Student Karole Langset reacts to Bhanu Kapil’s recent visit to EMU:
If you arrived early to Sponberg Theater to listen to Bhanu Kapil reading from her book Humananimal, you would have noticed crowds of people flooding into the theater by human packs. It was an impressive turn out that placed strangers squeezed sitting together, anxiously awaiting Kapil’s reading.
Kapil took the stage and her first action told me a little about her. Kapil introduced herself by throwing her jacket onto the floor. It may appear at first she was trying to throw the jacket onto the stool, but it fell to the ground, and she didn’t seem to care and made no effort to pick it up. It seemed as if she was saying, “I am not going be what culture thinks is civilized.” Laughs in the crowd reflected an amusement by her odd action and by this silent rebellion. She seems to be ‘in the moment’ kind of person. This seize the day attitude is reflected in her delivering her own narration. She says, “I will drink water now.” She also tells the audience to always say yes, because if she didn’t say yes she wouldn’t be in Michigan.
She quickly began reading segments from her book. She read with only little pauses of throwing bookmarks onto the stage. This seems to say, “I am done with this, I have finished reading and I am letting the words leave my system.”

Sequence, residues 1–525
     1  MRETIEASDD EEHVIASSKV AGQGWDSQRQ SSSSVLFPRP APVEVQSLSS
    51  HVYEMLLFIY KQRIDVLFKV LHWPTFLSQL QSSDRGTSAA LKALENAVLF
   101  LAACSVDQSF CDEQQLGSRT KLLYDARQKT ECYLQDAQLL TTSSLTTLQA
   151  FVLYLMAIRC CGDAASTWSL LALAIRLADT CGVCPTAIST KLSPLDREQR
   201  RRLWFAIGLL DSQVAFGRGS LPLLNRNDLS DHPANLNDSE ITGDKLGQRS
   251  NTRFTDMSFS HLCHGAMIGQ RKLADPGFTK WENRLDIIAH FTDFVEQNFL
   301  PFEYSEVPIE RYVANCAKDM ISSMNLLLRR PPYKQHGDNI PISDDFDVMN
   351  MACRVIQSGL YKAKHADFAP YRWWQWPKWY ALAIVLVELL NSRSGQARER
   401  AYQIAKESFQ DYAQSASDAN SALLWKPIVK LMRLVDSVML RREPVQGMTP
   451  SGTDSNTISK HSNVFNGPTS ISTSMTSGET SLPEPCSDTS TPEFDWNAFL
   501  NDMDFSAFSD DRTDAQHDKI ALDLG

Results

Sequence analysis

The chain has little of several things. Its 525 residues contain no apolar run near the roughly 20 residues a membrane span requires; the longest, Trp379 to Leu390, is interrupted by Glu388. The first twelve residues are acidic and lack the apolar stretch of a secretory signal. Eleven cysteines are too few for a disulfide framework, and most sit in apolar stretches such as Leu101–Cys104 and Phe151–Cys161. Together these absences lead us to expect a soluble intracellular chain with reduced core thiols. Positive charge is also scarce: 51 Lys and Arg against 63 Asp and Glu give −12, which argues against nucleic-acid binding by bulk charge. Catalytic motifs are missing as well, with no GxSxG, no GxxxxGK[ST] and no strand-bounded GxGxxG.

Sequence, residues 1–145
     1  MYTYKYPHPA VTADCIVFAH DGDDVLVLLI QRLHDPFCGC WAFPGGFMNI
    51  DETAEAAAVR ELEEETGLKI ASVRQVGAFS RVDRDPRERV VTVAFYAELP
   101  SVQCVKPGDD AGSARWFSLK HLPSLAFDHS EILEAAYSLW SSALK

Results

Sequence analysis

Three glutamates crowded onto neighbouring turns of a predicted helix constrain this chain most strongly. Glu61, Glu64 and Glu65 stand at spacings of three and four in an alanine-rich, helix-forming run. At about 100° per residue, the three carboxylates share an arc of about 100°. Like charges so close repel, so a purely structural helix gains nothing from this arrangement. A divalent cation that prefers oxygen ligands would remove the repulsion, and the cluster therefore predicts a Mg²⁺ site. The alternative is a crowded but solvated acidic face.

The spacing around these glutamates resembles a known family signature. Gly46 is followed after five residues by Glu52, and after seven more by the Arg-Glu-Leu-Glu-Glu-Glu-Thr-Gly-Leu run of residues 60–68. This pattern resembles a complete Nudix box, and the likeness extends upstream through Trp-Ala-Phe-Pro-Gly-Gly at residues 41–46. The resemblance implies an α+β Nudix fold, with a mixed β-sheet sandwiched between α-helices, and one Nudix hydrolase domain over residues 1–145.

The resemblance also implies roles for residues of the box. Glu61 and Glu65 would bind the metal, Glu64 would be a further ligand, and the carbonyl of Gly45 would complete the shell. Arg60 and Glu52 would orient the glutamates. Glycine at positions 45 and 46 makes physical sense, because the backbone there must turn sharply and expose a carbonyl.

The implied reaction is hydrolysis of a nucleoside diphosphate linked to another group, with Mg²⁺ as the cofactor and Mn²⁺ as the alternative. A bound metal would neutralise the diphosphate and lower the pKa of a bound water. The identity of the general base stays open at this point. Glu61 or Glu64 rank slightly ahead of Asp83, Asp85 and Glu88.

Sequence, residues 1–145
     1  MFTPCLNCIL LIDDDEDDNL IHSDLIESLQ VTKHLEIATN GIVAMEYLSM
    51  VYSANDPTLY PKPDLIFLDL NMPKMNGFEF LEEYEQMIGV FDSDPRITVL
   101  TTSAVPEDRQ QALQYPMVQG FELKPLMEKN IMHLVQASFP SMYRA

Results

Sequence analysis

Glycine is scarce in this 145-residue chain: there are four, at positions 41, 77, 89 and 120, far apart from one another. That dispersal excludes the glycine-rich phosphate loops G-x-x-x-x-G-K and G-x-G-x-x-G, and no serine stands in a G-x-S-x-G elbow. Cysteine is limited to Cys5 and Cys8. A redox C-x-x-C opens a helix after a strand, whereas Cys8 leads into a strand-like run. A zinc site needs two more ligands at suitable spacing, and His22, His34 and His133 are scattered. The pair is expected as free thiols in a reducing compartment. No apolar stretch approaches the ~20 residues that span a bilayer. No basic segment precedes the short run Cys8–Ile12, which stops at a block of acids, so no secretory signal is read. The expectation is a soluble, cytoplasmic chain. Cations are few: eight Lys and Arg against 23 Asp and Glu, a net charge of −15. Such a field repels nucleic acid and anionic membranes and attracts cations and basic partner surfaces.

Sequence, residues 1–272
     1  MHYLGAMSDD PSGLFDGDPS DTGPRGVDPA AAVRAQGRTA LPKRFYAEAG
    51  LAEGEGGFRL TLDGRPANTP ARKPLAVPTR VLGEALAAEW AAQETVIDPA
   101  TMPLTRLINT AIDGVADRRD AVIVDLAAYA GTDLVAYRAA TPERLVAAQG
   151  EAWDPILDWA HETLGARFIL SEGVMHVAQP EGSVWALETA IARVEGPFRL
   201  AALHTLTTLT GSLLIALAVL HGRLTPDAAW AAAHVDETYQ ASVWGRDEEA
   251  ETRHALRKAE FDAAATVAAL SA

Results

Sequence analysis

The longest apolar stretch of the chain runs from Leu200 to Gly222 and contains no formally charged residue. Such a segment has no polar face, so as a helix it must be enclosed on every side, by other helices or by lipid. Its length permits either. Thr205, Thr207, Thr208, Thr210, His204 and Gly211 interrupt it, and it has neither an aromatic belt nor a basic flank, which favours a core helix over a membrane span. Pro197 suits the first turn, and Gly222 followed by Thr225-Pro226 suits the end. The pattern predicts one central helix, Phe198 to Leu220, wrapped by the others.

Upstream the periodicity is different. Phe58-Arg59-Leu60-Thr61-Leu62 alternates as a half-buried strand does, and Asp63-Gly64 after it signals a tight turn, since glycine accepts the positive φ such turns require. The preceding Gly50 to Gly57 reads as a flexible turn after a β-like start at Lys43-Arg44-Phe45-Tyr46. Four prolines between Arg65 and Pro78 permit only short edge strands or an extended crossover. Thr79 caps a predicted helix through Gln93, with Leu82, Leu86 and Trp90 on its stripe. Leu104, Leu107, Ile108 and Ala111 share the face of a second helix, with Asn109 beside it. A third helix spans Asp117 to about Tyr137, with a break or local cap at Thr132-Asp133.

It is hard to blame her for this action. The words are intense; they are too hard to understand in terms of morality. Kapil read the words, “One of the boys pushed the girl off the roof and then there were six.” Many people in the audience are shocked by this statement and nervously laugh. I remember having the same reaction as I read the book. It is shocking. It is also shocking that wolves would raise little girls, only for humans to end up killing them. This topic is uncomfortable because what is moral is blurred.
When Kapil is done reading she throws the book into the crowd. Even this action seems to imply a message. It seems to say, “I have given my words, it is time for you to take them with you and do what you will.”
The audience doesn’t have to be comfortable in seats crammed together in the dark area of Sponberg Theater. If anything, perhaps, the filled theater raising anxiety heightened Kapil’s performance. It hard not to be annoyed though when leaving being chaotically pushed out of theater by
wolves fellow humans.
When I left the theater, I heard someone say, “It is always sad to leave, because you feel like you know them, but you don’t.” I can’t help to agree in a way. I wanted to know Kapil more. I felt almost violated by her experience, a study, and left without being able to really reply or to really understand. I wanted to know her. I wanted to live in her world for a little while longer, but it was time to leave and time for the words to absorb.